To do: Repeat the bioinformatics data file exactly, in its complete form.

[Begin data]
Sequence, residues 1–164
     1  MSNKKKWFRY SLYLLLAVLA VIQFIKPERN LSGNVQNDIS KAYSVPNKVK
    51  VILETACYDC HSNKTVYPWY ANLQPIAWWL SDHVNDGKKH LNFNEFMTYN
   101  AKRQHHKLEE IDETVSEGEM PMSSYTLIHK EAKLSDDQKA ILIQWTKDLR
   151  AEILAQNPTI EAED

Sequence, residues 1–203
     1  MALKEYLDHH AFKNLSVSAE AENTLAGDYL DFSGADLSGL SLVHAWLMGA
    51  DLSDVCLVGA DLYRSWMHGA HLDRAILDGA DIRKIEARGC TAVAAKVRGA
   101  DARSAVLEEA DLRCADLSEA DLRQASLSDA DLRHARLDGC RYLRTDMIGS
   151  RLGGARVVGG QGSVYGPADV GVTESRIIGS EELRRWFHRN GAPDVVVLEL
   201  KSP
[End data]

Sequence, residues 1–164
     1  MSNKKKWFRY SLYLLLAVLA VIQFIKPERN LSGNVQNDIS KAYSVPNKVK
    51  VILETACYDC HSNKTVYPWY ANLQPIAWWL SDHVNDGKKH LNFNEFMTYN
   101  AKRQHHKLEE IDETVSEGEM PMSSYTLIHK EAKLSDDQKA ILIQWTKDLR
   151  AEILAQNPTI EAED

Sequence, residues 1–203
     1  MALKEYLDHH AFKNLSVSAE AENTLAGDYL DFSGADLSGL SLVHAWLMGA
    51  DLSDVCLVGA DLYRSWMHGA HLDRAILDGA DIRKIEARGC TAVAAKVRGA
   101  DARSAVLEEA DLRCADLSEA DLRQASLSDA DLRHARLDGC RYLRTDMIGS
   151  RLGGARVVGG QGSVYGPADV GVTESRIIGS EELRRWFHRN GAPDVVVLEL
   201  KSP